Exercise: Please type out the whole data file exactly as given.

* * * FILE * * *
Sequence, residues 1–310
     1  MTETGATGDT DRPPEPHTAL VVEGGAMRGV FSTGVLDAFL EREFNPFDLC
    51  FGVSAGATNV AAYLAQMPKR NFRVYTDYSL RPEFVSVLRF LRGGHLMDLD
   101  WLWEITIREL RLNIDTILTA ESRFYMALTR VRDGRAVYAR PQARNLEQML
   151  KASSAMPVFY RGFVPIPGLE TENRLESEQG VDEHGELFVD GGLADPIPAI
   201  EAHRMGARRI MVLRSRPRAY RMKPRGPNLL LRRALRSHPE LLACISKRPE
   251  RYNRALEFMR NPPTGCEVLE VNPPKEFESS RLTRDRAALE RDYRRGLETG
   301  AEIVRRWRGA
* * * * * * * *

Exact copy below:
Sequence, residues 1–310
     1  MTETGATGDT DRPPEPHTAL VVEGGAMRGV FSTGVLDAFL EREFNPFDLC
    51  FGVSAGATNV AAYLAQMPKR NFRVYTDYSL RPEFVSVLRF LRGGHLMDLD
   101  WLWEITIREL RLNIDTILTA ESRFYMALTR VRDGRAVYAR PQARNLEQML
   151  KASSAMPVFY RGFVPIPGLE TENRLESEQG VDEHGELFVD GGLADPIPAI
   201  EAHRMGARRI MVLRSRPRAY RMKPRGPNLL LRRALRSHPE LLACISKRPE
   251  RYNRALEFMR NPPTGCEVLE VNPPKEFESS RLTRDRAALE RDYRRGLETG
   301  AEIVRRWRGA